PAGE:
Introduction to Mechatronics

2011's Presentation

In 2011, the class was tasked with building a droid fight in a bullfight, where the droid could act as either bull or matador, Slug-o-Lete. The final project was the subject of a KSBW short news story, which can be seen here, and a Santa Cruz Sentinel article, which can be found here.

Background

Mechatronics is the synergistic combination of mechanical engineering ("mecha" for mechanisms), electronic engineering ("tronics" for electronics), and software engineering. The purpose of this interdisciplinary engineering field is the study of automata from an engineering perspective and serves the purposes of controlling advanced hybrid-systems such as production systems, synergy-drives, planetary-rovers, automotive subsystems such as anti-block system, spin-assist and every day equipment such as autofocus cameras, video, hard disks, cd-players, washing machines, lego-matics etc.

Mechatronics is centered on mechanics, electronics and computing which, combined, make possible the generation of simpler, more economical, reliable and versatile systems.

The word "mechatronics" was first coined by Mr. Tetsuro Moria, a senior engineer of a Japanese company, Yaskawa, in 1969. Mechatronics may alternatively be referred to as "electromechanical systems," or as "smart products."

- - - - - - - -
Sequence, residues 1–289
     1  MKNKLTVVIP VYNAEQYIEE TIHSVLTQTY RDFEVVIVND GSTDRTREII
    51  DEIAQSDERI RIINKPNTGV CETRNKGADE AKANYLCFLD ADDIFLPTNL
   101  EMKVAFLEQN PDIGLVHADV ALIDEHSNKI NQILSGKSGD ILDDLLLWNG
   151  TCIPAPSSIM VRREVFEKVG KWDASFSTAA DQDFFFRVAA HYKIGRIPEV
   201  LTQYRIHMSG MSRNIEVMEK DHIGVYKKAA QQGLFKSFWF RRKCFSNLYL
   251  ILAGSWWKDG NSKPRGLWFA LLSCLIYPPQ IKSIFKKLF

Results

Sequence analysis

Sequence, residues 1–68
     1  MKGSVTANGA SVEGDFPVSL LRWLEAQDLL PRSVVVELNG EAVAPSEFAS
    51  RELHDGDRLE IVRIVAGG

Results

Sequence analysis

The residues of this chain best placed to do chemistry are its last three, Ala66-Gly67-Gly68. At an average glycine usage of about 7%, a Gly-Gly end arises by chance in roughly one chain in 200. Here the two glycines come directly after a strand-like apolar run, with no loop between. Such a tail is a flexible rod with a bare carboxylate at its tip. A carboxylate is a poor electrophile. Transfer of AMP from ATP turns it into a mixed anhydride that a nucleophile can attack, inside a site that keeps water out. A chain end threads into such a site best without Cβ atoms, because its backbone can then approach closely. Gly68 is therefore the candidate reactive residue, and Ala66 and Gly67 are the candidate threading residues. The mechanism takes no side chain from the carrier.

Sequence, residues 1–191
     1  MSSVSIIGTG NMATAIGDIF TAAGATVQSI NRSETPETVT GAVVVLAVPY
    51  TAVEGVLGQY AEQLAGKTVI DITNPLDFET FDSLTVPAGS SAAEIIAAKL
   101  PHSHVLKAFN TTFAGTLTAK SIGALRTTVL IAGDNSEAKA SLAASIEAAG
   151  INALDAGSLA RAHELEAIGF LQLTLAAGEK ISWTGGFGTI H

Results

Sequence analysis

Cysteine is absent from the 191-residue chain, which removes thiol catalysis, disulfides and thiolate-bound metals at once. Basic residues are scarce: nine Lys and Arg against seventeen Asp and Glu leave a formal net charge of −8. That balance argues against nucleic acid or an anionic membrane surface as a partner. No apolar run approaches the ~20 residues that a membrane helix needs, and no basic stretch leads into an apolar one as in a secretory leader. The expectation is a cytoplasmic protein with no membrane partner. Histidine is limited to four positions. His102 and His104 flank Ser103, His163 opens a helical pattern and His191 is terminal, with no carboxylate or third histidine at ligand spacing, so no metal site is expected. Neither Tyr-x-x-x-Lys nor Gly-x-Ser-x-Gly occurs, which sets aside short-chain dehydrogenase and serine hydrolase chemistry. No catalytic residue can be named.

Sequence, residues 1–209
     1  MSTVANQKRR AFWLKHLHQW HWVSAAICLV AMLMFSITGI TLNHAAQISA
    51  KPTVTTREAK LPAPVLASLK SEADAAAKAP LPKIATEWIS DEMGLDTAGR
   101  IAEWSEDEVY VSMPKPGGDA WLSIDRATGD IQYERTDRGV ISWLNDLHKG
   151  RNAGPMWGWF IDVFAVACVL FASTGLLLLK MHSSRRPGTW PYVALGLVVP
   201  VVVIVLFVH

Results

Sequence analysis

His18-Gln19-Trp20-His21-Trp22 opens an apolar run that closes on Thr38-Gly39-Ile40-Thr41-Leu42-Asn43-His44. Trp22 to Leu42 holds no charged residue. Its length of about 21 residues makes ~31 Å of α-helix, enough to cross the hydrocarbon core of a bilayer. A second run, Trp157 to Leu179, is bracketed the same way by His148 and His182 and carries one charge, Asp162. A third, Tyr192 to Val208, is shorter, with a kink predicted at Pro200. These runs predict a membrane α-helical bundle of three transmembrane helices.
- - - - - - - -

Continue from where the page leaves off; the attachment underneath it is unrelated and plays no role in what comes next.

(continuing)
Acknowledgements

This course is based on a the Smart Product Design sequence (ME218A, B, C), and the one quarter Mechatronics class (ME210/EE118) offered at Stanford by the Smart Product Design Lab, headed by Dr. Ed Carryer.

I would like to acknowledge the tremendous help of Prof. Ed Carryer of Stanford University in teaching the subject matter to me, for all of his help with the slides, the software libraries, and the electronic hardware, and lastly for pioneering this video capture technology, and helping me to set this course up. Without his help and inspiration, this class would not be here.

I would like to thank Texas Instruments Corp. for generously supplying the class with most of the semiconductor parts that make up the full set of lab boards. I wuold also like to thank Marc McComb of Microchip Corp. for supplying us with the microcontroller boards and debuggers needed for this class. Lastly, I would like to acknowledge the incredible work by the class TA, Max Dunne, in designing, ordering, fabricating, debugging, and soldering the new board sets that make up the hardware for this class -- it was yeoman's work, and he did it very well indeed.

General Class Information

Lecture times: Tuesday-Thursday, 2:00 - 3:45PM, Jack Baskin Engineering #372

Associated Lab: Jack Baskin Engineering #115 (Open 24/7), TA times TBD

Textbooks:

[CKO]: Introduction to Mechantronic Design, 1st Ed., Carryer, Ohline, and Kenny, Prentice Hall, 2010

[H&H]: The Art of Electronics, 2nd Ed., Horowitz and Hill, Cambridge University Press, 1989 (Optional)

[Rorabaugh]: Mechanical Devices for the Electronics Experimenter, Rorabaugh, TAB Books, 1995 (Optional)

Instructor:

Name: Gabriel Hugh Elkaim (elkaim@soe.ucsc.edu)

Phone: 831-459-3054

Office: E2-337B

Office Hours: T-Th 12-2PM, or by appointment

Lab: Autonomous Systems Lab, E2-316

Mechatronics Lab: Baskin Engineering #115, Lab open 24/7

TA Lab Sessions: TBD

Instructors and Assistants

Class Web Page